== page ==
I’ve been hosting Festive Table Centrepiece Workshops this month and foraging the garden for evergreens to work into the displays. Evergreen plants and branches are used in lots of decorations at this time of year in our homes and as their leaves retain their colour throughout Winter, they have long been symbolic of immortality and eternal life.
The leaves of evergreen trees and shrubs have a thick, often waxy coating that helps to prevent loss of water which makes them perfect for cutting into winter arrangements. Traditionally, we might use conifer branches, swags of ivy and cut holly in decorating but look a little deeper into your garden and you can use many evergreen stems and leaves to adorn your wreaths, mantles or tables.
One plant I like to use in arrangements is a Rhododenron although do be careful not to remove flowering buds in places where you would like to see the flower. Always cut from low down or the back of the bush where it won’t be seen. Rhododendrons are the staple structure of my garden, I have five – for now! For me, they are the plant which keeps on giving: their evergreen leaves remain true all year long, they grow large enough to fill a space or provide height at the back of a border and then, come late Spring, I never tire of their abundant blooms in a myriad of colours! They are also the National Flower of Nepal if you want to learn a random, new fact today!
I have two Viburnum Tinus which live on either side of the Rhododendrons to give structure and which have grown way better than I had anticipated to really fill out the space. So much so that I’m going to have to rearrange the whole border around these evergreens as they are squashing some of the perennials but digging out and rearranging the borders is what it is all about for me! At this time of year, cut stems from the Viburnum are great for adding to evergreen arrangements.
Choisya Sundance is a fabulous evergreen! It’s a real limey green, maybe even bordering on yellow and so in the Winter garden and when cut to add to foliage arrangements, it really stands out and brings a bright ping of colour!
I do love a Hebe for its evergreen leaves and this one in particular, for that gorgeous blast of purple colour in the late Autumn, early Winter. The leaves are green and glossy and the delicate purple blooms just perfect! If you can manage to snip a little when it is still in colour to bring indoors, then that lovely little pop of purple will certainly brighten any arrangement. I have two in the garden and this is the last little show on colour on one, the one one has already lost all the purple passion for this year.
The compact Hebe Little Red Rum is a plant I have featured before. It is a gorgeous wee gap filler and seems to like my moist, clay soil. The green foliage is tinged with the most striking burgundy and so this little plant earns a place among the big boys as a stunning contrast in the border but also brings a depth of colour when used in decorating indoors at this time of year.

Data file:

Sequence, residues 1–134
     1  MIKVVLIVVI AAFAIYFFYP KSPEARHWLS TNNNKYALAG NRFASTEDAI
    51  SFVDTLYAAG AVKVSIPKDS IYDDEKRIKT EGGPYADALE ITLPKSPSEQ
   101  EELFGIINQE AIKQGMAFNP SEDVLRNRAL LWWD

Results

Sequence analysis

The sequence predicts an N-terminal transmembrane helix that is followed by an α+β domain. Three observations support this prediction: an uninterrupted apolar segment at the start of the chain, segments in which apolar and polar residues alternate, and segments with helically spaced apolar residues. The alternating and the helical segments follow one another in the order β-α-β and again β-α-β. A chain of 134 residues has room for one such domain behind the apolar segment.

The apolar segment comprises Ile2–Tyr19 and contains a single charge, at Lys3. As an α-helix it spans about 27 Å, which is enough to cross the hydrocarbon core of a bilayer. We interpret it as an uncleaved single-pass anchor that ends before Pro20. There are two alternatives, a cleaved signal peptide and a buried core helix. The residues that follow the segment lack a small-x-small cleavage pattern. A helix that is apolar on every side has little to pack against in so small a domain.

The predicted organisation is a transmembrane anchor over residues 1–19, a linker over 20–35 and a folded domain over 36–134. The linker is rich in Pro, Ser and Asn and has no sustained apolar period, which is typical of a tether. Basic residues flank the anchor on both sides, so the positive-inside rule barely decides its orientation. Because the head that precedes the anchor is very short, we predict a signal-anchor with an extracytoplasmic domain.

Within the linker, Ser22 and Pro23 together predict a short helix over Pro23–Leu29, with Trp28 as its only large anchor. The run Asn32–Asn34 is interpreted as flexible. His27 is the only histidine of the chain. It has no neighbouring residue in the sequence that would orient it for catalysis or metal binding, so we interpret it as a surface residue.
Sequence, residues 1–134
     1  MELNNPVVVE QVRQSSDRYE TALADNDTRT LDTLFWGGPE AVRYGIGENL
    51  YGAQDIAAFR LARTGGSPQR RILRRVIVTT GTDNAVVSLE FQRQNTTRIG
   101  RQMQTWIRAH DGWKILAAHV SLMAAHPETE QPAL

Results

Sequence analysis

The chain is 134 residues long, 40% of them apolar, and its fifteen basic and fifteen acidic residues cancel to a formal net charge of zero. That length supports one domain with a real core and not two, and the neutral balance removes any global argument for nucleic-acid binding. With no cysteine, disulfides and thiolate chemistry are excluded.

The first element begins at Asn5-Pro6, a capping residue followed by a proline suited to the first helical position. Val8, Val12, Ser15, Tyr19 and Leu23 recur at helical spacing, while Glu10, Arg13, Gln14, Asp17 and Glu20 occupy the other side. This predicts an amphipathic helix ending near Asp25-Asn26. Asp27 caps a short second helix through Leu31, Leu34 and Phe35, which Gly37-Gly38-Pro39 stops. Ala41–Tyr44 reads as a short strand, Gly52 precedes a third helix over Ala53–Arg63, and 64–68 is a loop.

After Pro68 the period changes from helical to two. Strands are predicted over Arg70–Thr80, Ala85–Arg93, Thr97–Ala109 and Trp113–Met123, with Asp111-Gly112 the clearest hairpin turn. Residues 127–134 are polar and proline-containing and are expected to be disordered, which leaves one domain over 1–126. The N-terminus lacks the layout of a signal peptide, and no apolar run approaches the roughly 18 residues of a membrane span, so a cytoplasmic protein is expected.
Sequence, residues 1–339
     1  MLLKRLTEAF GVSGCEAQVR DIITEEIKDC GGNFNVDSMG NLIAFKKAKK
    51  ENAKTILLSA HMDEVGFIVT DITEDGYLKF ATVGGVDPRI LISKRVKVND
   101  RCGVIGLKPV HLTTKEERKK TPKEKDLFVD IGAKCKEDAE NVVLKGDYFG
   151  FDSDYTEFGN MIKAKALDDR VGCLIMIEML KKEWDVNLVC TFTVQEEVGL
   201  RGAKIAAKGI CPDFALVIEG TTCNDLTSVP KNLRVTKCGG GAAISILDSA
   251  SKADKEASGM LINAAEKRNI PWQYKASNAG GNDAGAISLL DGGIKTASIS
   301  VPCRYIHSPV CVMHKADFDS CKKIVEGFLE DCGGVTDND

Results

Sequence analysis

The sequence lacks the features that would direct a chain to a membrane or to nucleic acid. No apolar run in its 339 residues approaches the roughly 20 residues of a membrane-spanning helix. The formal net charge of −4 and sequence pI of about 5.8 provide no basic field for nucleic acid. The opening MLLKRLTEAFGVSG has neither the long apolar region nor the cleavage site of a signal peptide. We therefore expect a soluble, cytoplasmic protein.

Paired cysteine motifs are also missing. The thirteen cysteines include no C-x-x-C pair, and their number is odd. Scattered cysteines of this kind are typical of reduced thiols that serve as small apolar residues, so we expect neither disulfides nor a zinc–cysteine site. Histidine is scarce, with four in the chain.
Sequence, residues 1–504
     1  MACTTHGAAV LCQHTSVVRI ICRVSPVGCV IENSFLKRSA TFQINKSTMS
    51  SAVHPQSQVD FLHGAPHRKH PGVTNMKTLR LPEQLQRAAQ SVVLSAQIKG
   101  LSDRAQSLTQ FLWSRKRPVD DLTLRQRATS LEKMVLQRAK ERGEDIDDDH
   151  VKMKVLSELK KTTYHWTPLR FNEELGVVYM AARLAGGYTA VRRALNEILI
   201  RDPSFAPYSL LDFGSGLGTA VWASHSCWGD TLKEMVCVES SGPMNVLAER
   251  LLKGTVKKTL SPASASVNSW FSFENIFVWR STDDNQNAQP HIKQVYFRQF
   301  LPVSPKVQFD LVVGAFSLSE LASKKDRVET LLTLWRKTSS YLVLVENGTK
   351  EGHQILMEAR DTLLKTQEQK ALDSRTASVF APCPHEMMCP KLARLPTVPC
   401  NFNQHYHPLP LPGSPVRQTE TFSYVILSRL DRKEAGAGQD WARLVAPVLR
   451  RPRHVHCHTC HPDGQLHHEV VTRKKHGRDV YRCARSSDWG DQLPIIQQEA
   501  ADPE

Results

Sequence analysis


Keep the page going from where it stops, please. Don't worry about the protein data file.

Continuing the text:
In the same border as the Hebe Little Red Rum and one of the Choisya Sundance is a stunning Rosemary plant. These are planted in the border near my kitchen window so I have some greenery to look out at everyday. I chop bits of the Rosemary during Winter to stick in vases of Winter colour and foliage arrangements and to have the scent in the house and as Rosemary has long been associated with Christmastime, it is gorgeous to have around the house.
Do feel free to me leave a comment on these six as I love to chat about plants and gardening or let me know what you add to Winter foliage arrangements! Enjoy reading other #SixonSaturday blogs for information and inspiration as gardeners around the world share six things from their garden on a Saturday. #SixonSaturday is hosted by The Propagator, and you’ll find lots of links on Twitter on the #SixonSaturday hashtag. You can find The Pink Wheelbarrow on Twitter at @PinkWheelbarrow.
A nice mix. I’ve tried to plan in for more evergreens this year so the border isn’t left totally empty. The he e flowers are looking good. I’ve got one similar to your first. Suffers each winter and spends the year recovering. I might take cuttings again to be on the safe side.
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My Hebes perform much the same and every year I think about lifting them as they get a bit straggly and tatty looking but I don’t and then they show up all glossy green with these gorgeous purples and they get a reprieve again!